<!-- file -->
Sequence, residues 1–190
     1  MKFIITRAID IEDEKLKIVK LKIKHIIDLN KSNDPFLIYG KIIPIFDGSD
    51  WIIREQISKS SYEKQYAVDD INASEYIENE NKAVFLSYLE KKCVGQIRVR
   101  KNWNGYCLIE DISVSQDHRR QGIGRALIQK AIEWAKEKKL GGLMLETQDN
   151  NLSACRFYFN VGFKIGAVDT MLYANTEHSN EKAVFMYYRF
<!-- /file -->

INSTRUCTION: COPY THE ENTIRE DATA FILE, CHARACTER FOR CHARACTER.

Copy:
Sequence, residues 1–190
     1  MKFIITRAID IEDEKLKIVK LKIKHIIDLN KSNDPFLIYG KIIPIFDGSD
    51  WIIREQISKS SYEKQYAVDD INASEYIENE NKAVFLSYLE KKCVGQIRVR
   101  KNWNGYCLIE DISVSQDHRR QGIGRALIQK AIEWAKEKKL GGLMLETQDN
   151  NLSACRFYFN VGFKIGAVDT MLYANTEHSN EKAVFMYYRF